The occipital lobes: Positioned near the back of the brain, the occipital lobe primarily interprets vision signals.

The temporal lobes: Located on either side of the brain, the temporal lobes play a role in numerous functions, including speech, scent recognition, and short-term memory.

The brain’s two halves are called the right and left hemispheres. The corpus callosum connects these two hemispheres.

Heart

The heartTrusted Source is the most important organ of the circulatory system, which helps deliver blood to the body. It works with the lungs to add oxygen to blood and pump this freshly oxygenated blood through the blood vessels and around the body.

The heart also has an electrical system within. Electrical impulses within the heart help ensure that it beats with a consistent rhythm and proper rate.

The heart rate increases when the body needs more blood, such as during intense exercise. It decreases during times of rest.

The heart has four chambers. The two upper chambers are called atria, and the two lower chambers are called ventricles.

Blood flows into the right atrium from the veins of the heart and body (except the lungs), then it flows into the right ventricle. From there, it flows into the pulmonary artery, which has branches that reach the lungs. The lungs then oxygenate the blood.

This oxygenated blood travels from the lungs, through pulmonary veins that lead back and join together, to the left atrium, and then through the left ventricle. From there, the heart pumps the blood through an artery that branches to distribute blood to itself and other body parts (except the lungs).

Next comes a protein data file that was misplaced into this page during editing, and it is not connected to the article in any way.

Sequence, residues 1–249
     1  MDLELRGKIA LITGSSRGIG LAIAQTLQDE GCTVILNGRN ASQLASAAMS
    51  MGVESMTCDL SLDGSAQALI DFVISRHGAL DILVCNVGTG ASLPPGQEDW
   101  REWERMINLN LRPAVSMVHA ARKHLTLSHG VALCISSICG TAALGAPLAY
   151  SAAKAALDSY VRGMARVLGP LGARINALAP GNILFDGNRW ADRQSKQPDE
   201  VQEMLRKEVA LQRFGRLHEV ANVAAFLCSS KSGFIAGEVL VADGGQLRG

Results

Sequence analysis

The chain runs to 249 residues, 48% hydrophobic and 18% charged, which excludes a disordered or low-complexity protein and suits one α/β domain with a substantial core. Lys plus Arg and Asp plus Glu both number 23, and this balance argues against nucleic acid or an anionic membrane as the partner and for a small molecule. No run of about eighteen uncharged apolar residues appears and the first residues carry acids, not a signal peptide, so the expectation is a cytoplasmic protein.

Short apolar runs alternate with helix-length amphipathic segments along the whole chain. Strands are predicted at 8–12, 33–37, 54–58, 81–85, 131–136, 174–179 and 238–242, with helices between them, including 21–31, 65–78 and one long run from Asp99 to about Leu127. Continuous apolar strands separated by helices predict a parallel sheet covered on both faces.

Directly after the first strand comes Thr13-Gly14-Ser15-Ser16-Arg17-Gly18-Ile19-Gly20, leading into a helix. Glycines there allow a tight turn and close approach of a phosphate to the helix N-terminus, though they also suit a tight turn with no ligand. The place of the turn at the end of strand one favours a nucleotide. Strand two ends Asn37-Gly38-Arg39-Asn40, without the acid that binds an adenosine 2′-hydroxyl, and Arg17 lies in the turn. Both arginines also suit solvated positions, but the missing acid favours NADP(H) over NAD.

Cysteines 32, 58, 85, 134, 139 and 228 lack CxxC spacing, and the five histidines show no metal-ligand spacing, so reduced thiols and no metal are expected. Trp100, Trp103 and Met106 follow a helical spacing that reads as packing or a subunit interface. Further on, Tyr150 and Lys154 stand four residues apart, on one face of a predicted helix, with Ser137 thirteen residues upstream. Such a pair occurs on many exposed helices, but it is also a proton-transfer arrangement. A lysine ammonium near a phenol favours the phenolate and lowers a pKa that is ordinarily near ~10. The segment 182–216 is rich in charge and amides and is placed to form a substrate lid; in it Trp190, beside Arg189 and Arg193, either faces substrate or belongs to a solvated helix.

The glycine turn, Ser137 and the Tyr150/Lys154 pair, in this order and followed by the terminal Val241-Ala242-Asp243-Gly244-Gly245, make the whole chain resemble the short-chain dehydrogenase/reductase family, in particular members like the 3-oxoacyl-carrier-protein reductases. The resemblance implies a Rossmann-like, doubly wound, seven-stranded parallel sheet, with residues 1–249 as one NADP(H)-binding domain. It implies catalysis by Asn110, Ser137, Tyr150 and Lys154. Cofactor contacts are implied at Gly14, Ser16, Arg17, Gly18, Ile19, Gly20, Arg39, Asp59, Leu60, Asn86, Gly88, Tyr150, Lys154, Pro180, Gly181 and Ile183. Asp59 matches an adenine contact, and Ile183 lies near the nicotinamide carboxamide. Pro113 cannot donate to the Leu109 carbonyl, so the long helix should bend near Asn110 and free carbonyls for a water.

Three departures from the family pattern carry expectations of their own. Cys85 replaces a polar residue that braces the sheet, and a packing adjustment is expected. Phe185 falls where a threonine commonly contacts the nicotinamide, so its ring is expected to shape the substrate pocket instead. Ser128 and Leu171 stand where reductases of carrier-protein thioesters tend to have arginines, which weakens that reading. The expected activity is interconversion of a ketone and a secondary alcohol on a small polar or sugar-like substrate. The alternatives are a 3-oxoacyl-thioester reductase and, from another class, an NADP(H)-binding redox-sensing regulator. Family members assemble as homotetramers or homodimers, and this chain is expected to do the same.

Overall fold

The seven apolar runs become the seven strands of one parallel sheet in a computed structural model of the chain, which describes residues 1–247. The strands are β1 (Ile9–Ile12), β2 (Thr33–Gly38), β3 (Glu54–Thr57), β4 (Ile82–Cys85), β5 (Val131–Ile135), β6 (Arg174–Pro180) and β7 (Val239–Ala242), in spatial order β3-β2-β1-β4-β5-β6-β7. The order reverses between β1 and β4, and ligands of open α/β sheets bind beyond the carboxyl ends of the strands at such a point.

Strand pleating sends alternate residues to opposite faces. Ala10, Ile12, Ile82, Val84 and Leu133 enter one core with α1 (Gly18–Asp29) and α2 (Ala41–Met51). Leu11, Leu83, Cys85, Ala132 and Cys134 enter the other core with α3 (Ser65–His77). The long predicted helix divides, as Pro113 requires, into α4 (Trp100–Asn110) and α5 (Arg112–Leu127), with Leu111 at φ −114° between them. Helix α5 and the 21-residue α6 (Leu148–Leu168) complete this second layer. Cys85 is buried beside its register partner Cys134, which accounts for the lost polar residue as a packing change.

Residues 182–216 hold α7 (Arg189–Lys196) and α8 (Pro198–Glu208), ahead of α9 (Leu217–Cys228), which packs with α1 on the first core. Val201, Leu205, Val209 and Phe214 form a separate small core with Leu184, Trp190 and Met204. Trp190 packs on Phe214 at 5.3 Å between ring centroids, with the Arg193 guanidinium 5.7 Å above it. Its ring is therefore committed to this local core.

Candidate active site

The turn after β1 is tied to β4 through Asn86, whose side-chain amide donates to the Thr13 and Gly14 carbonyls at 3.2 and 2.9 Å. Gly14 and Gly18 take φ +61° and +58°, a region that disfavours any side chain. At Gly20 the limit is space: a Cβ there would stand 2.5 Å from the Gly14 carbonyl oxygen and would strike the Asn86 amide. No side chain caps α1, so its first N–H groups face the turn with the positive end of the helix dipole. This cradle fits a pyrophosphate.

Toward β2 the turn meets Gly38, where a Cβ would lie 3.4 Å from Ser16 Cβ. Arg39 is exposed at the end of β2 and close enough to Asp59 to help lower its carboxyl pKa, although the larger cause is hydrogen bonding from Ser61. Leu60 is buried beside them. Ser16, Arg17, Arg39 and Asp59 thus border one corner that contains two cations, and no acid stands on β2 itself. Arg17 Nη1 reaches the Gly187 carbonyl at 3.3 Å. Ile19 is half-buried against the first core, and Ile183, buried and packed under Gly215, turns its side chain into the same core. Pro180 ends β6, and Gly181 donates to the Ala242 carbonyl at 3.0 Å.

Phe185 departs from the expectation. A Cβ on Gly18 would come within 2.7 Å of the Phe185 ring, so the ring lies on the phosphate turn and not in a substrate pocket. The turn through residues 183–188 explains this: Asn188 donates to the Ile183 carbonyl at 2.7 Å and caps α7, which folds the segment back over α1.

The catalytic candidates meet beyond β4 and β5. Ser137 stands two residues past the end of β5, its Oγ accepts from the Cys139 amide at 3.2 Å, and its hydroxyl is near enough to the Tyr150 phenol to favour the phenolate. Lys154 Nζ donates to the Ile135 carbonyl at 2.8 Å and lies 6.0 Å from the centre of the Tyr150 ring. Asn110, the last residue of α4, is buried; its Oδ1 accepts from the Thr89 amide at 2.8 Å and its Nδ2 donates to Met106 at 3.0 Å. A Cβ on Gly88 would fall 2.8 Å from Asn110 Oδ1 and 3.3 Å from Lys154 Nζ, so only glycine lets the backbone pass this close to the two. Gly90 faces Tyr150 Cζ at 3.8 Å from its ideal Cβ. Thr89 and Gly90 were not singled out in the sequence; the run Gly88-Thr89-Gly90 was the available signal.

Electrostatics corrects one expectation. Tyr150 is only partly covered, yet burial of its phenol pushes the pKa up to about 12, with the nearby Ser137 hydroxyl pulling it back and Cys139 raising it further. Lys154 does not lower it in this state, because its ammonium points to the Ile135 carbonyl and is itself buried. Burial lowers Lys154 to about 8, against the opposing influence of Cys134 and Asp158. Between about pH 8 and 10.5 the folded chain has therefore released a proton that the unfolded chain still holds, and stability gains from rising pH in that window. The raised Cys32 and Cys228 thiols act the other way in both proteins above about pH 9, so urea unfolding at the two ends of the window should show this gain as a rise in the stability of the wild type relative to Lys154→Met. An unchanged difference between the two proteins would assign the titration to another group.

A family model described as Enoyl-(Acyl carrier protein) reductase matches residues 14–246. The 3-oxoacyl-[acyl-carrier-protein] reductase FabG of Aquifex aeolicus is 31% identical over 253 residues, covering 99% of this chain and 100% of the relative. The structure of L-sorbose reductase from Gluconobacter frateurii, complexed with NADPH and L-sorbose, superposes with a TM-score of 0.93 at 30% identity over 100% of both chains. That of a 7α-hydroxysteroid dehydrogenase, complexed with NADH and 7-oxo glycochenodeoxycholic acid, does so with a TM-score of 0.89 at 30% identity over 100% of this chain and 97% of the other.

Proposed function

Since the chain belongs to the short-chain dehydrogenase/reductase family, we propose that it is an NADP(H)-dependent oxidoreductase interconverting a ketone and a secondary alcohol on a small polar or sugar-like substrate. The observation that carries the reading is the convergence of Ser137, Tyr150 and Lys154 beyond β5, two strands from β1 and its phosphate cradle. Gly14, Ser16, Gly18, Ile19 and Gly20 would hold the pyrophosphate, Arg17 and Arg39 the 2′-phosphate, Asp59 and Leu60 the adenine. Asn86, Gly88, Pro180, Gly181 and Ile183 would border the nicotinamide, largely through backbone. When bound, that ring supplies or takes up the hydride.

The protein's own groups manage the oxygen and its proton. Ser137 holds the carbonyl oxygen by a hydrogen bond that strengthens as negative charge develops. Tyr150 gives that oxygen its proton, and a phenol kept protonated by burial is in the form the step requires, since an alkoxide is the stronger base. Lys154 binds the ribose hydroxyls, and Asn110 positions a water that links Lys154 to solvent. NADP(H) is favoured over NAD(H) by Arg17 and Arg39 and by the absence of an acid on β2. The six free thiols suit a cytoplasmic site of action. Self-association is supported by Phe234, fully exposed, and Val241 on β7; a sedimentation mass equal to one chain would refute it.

The heart has four valves that ensure that blood flows in the right direction. The heart valves are:

the tricuspid valve

the pulmonary valve

the mitral valve

the aortic valve


Lungs

The lungs work with the heart to oxygenate blood. They do this by filtering the air a person breathes, then removing excess carbon dioxide in exchange for oxygen.

Several parts of the lungs help the body take in air, filter it, and then oxygenate the blood. These are:

The left and right bronchi: The trachea splits into these tubes, which extend into the lungs and have branches. These smaller bronchi split into even smaller tubes called bronchioles.

The alveoli: The alveoli are tiny air sacs at the end of the bronchioles. They work like balloons, expanding when a person inhales and contracting when they exhale.

The blood vessels: There are numerous blood vessels in the lungs for carrying blood to and from the heart.

With extensive medical care, a person can live without one lung, but they cannot survive with no lungs.

The diaphragm, which is a thick band of muscle directly under the lungs, helps the lungs expand and contract when a person breathes.

Learn more about the lungs here

Liver

The liver is the most important organ of the metabolic system. It helps convert nutrients into usable substances, detoxifies certain substances, and filters blood coming from the digestive tract through a vein before it joins venous blood flow from other parts of the body. Oxygenated blood reaches the liver via an artery.

The majority of liver mass is in the upper right side of the abdomen, just under the rib cage.

The liver plays many roles in digestion and filtering the blood, including:

producing bile

helping the body filter out toxic substances, including alcohol, drugs, and harmful metabolites

regulating blood levels of various important chemicals, including amino acids

making cholesterol